▶ Time screens in the BFI London Film Festival 11-15 October in cinemas around the UK and on BFI Player, and is released on Amazon Prime on 16 October.
In one of an immeasurable number of moving scenes from Garrett Bradley’s tour de force, the son of this emotive documentary’s matriarch observes, “Time is what you make of it, time is loss… time flies.”
As the title suggests, Bradley’s heart-breaking, intimate study of one family’s experience of the American incarceration system is centred on the unforgiving, flowing, inescapable force of time on the optimism of youth, the hope of the future, and the love within an extraordinary Black family.
Bradley’s muse, and the fiery heart of this piece, is Sibil Fox Richardson – known simply as Fox Rich – who lends her voice to tell her own story, which is both folkloric and intimate, and an epic depiction of triumph over adversity.
Rich, a businesswoman and self-proclaimed abolitionist, has spent the last 20 years waiting for her husband, Robert, to be released from a 60-year prison sentence for bank robbery – as an accomplice, Rich was allowed to plea-bargain her way to a minimal sentence; an initial offer of a similar deal for him was withdrawn and a maximal sentence imposed, for a first offence which did not involve violence.
Composed of fragments of Rich’s own home videos and intimate, realist footage of daily life – all shaded in monochrome tones – Rich’s story of raising a family of six sons without their father is a poignant personal account of the ramifications of the prison system for Black people in America.
Gabriel Rhodes’s masterful editing creates an elliptical structure, which slips from year to year and moment to moment, avoiding a linear timeline and inhibiting a straightforward cause-and-effect narrative of incarceration. Instead of showing us why and how past events unravel, the audience must piece together Rich’s life through distillations of her grief, loneliness, bliss and everyday intimacy with her children, as life after Robert’s imprisonment goes on yet remains halted.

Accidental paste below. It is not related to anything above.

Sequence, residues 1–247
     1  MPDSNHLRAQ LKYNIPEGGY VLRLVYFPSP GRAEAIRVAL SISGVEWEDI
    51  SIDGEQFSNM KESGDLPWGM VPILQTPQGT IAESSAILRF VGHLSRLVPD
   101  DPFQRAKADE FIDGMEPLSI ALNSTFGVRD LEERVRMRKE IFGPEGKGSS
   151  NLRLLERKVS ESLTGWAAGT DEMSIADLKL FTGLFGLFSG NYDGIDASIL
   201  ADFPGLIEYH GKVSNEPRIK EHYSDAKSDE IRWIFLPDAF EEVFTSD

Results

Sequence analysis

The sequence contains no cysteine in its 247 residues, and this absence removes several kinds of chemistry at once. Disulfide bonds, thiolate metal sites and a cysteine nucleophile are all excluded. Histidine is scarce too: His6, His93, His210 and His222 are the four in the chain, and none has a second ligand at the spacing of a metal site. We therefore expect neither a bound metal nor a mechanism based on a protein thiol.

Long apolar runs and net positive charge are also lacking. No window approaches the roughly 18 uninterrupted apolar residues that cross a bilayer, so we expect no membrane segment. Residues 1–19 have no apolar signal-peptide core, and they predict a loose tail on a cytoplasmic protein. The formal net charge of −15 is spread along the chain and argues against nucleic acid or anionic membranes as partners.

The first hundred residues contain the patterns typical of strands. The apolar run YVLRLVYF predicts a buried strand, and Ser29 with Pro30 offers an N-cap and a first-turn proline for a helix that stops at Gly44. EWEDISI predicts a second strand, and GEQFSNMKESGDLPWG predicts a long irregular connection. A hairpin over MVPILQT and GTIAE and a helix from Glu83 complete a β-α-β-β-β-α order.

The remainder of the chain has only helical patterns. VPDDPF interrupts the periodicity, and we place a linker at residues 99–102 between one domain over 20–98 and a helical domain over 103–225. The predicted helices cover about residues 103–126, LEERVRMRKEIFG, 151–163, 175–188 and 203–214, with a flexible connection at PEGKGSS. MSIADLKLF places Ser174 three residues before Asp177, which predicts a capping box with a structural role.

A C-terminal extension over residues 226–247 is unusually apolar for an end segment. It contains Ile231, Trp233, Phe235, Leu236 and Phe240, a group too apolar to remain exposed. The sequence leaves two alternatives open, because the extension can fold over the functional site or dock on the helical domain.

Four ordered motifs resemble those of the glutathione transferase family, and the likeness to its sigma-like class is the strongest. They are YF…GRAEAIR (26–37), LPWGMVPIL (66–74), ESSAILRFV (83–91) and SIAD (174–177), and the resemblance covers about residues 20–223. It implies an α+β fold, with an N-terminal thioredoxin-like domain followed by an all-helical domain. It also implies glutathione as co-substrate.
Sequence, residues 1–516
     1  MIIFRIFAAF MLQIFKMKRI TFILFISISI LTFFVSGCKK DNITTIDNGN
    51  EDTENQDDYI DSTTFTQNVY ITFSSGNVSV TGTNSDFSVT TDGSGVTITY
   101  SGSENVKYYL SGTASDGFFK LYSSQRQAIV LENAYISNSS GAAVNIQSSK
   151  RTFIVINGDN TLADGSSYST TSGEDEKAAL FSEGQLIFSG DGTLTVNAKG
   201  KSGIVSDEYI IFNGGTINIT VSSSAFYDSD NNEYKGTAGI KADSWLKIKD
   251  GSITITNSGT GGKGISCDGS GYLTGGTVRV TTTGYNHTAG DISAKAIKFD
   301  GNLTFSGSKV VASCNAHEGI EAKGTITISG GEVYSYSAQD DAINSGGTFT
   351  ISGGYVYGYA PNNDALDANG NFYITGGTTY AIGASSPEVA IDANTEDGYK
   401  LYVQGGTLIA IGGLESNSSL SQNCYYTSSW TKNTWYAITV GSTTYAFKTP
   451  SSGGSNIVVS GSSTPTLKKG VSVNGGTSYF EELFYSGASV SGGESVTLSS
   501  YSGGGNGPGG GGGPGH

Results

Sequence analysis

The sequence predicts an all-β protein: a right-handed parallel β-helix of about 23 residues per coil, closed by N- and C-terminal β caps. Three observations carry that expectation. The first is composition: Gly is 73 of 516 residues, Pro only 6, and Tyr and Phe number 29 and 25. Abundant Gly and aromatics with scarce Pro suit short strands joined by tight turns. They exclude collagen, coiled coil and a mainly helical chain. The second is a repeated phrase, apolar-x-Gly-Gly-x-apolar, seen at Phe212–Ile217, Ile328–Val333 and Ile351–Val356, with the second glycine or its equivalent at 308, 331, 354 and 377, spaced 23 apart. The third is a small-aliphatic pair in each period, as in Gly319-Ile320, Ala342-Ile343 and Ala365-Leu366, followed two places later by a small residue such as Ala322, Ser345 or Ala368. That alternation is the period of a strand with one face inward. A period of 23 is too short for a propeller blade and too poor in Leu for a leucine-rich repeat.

At times, Rich is youthful and full of joy, the camera close on her beaming smile, daydreaming about when she and her husband will be reunited; in other moments, she is older, a confident and almost regal orator.
Expressing her disdain for the American incarceration system (“Our prison system is nothing more than slavery”) and the power of forging your own path through belief (“My mother told me the American Dream is real”), Rich appears as monarchical, messianic, but still human.
Scenes of particular salience, interspersed throughout the film, take place in her office, where she awaits a judge’s decision on the recent appeal for her husband’s release. The camera does not leave her face as she goes from staring into her phone as though it were a void to pure, unadulterated rage at the futility of her situation, beating her fist against the table in frustration. In contrast, the authorities are depicted as complacent and negligent.
A stripped back yet lush score, from Jamieson Shaw and Edwin Montgomery, uses melodic piano tones, immersing the audience in half-complete family memories, in which Robert’s absence is acutely felt, finishing in a crescendo of strings as the tension builds before the judge’s decision.
The portrayal Bradley offers of Black male youth and the resilience and vulnerability of Black womanhood is refreshing and urgently needed during these divided and desperate times. Seeing those who are so often reduced, in the daily influx of mass media, to stereotypes or statistics instead shown as complex human beings, is very welcome – it reminded me of Barry Jenkins’s modern masterpiece Moonlight (2016).
Throughout this carefully curated portrait of the Richardsons, there is a tenderness and innocence in the sons’ testimonies that is undetectable in Rich’s own guarded composure, revealing their perspectives on pain and anguish that have become staples in the family.
Unlike other documentaries on the failings of the American prison system and its detrimental effects on Black communities, such as Ava DuVernay’s 13th (2016), Time homes in on people rarely considered in mainstream discussions about Black men in prison – the family, and in particular the women, who are left behind.
It is not the internal workings of the penitentiary that concern Bradley: in fact, the vast expanses of the Louisiana State Penitentiary are kept at a distance throughout, the camera hovering like a spectre.
The real concern here is the endurance of love – “Life’s Only Valid Expression”, as it’s referred to at one crucial point here – between a woman, her husband, and their children through the decades. Time is a succinct wonder, questioning the cost of ‘justice’ in Black America.
Originally published: 12 October 2020